“We got jostled around pretty good, but we got out of it without any injury,” Gerhardt said. “When it rolled, [my foster brother] was just lying there on his back and didn’t get hurt.”

That accident took place 50 years ago. An enclosed cab on the tractor kept the teenagers safe. Gerhardt, now 66, farms organic hay on his own 10-acre field in Mohawk, NY. He said the accident still affects how he drives a tractor.

“Fortunately, most of the land I’m working with is pretty flat,” he said. “Any hilly land, I’m pretty apprehensive about. I’m overly careful with how I’m driving on it and where I’m going.”

ROPS Rebates

With help from the National ROPS Rebate Program, Gerhardt is now planning to upgrade his own John Deere 3020 with a roll bar and a seatbelt. Since 2007, the program has retrofitted nearly 3,500 tractors, with rebates totaling more than $3 million. More than 2,000 farmers across the country are now waiting, because states must set aside funds for the rebates, and only New York and Minnesota have budgeted enough. A farmer in Maine has been on the waitlist for nearly 17 years, and in Iowa, the state with the highest rate of rollovers, 135 people are waiting for a rebate.

Jolean Johnson, 66, was waitlisted for five years before she upgraded the oldest of her four tractors. She uses the John Deere 2840 to rake hay and move wagons on her hilly 28-acre horse boarding farm outside State College, Pennsylvania.

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Pennsylvania farmer Jolean Johnson's retrofitted tractor. (Photo courtesy of Jolean Johnson)

Pennsylvania farmer Jolean Johnson’s retrofitted tractor. (Photo courtesy of Jolean Johnson)

Soon after she purchased the farm in 1984, Johnson witnessed her father nearly flip his tractor backwards. She bought the John Deere in 1986 and has been looking to upgrade ever since.

“It has always been an issue for me, because of how close I came to losing my father,” said Johnson.

But with her tight budget, the cost was prohibitive. When she got approved for a rebate, she paid $1,300 for the ROPS and installation. The rebate reduced her outlay to about $430.

“We’ve come so far in identifying a solution, but all of that will fold in [less than] a year if we can’t find some way to support the program.”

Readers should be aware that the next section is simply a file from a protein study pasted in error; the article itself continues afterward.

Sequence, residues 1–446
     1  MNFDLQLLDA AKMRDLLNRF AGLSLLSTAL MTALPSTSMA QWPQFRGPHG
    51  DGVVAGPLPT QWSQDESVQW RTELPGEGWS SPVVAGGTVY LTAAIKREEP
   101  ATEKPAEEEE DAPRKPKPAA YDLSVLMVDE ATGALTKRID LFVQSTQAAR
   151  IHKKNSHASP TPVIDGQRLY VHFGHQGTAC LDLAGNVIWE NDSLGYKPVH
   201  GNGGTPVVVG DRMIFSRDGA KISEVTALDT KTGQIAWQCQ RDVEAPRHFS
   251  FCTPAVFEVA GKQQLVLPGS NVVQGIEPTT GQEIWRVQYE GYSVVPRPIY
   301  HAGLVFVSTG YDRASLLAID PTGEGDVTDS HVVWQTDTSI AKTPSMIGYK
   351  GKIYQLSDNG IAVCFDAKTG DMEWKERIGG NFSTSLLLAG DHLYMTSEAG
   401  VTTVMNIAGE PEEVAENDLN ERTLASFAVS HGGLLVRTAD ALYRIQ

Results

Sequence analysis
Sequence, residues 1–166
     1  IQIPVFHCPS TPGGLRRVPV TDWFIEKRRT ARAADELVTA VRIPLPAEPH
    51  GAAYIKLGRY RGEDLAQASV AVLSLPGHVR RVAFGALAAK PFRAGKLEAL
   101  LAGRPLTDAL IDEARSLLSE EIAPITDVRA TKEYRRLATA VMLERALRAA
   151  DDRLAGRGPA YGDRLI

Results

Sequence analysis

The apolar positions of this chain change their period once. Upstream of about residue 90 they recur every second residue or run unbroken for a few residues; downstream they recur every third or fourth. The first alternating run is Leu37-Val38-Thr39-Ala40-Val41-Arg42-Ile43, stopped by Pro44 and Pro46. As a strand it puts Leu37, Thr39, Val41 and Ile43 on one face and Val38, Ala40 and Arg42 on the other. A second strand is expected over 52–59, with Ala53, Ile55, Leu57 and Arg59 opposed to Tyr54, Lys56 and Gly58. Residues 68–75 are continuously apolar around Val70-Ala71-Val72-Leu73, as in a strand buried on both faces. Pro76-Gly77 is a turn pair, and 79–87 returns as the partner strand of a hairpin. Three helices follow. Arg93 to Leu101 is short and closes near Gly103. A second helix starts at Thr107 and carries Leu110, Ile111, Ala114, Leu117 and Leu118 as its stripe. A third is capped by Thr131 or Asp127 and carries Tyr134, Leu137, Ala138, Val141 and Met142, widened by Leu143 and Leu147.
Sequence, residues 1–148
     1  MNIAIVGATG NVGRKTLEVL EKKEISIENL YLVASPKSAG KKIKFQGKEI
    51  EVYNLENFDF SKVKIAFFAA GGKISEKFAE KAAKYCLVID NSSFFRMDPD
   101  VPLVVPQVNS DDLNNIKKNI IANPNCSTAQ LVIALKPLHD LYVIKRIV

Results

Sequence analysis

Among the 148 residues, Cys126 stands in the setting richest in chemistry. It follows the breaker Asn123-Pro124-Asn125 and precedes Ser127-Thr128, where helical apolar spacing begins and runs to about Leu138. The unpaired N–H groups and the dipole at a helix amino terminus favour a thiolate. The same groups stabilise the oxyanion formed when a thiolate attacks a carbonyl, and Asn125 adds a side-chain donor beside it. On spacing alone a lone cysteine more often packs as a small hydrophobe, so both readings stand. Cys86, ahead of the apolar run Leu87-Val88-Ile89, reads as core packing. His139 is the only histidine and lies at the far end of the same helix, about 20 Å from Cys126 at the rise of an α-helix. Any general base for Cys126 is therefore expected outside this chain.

But other farmers may never make it through the waitlist. The NEC has relied on research grants to administer the program, including a website to apply for the rebate, a toll-free hotline manned by a former dairy farmer, recommendations for local installers, and rebate processing. But because the program is past the research phase, it no longer qualifies for the grants it has relied on in the past. Sorensen, the director of the center, estimated they need at least $125,000 per year to keep the program running at its current level nationwide.

“We’ve come so far in identifying a solution,” she said, “but all of that will fold in [less than] a year if we can’t find some way to support the program.”

She said they could charge states for administrative costs but that seems unlikely as they already struggle to provide funding for the rebates themselves. A more permanent solution would be to fold the rebates into another program: the next $1.5 trillion farm bill. (The last bill expired in September but Congress recently granted a one-year extension in funding, until September 2024.)

“The funding mechanism that’s most ideally aligned with providing rebates and funding the program would be USDA,” Sorensen said. “To provide national funding for rebates would be something like $1 million a year. If you look at the farm bill, that’s peanuts.”

Trade groups that lobby legislators, including the American Farm Bureau Federation, also support federal funding for the rebate program. And the Association of Equipment Manufacturers lists the rebate program as one of its policy priorities for the farm bill.

So far, no one has introduced legislation that would support the program. With the one-year extension, however, Congressional agriculture committees have extra time to draft the next bill, and to include the rebate program.

“[Tractor rollovers are] the most frequent cause of death in the farm community, and we have a solution that we know works,” Sorensen said. “We could prevent further death or injury in the community. And the only thing that is stopping us is a marginal investment nationally in making this happen.”

Mary-Rose Abraham is a multimedia journalist, with experience as a video and audio producer, reporter, writer and anchor/host. Her stories have featured in ABC News, Atlas Obscura, BBC News, Deutsche Welle, The Guardian, “Marketplace” Radio, National Geographic, NPR, and Vice. She is a 2022-23 Fellow at the Knight Science Journalism Program at MIT in Cambridge, Massachusetts. For more than seven years, she was based in Bangalore, India, as an independent journalist. She was the co-creator and co-host of Scrolls & Leaves, a world history podcast. Previously, she was a staff producer at ABC News in New York, and a researcher at NBC News. Read more >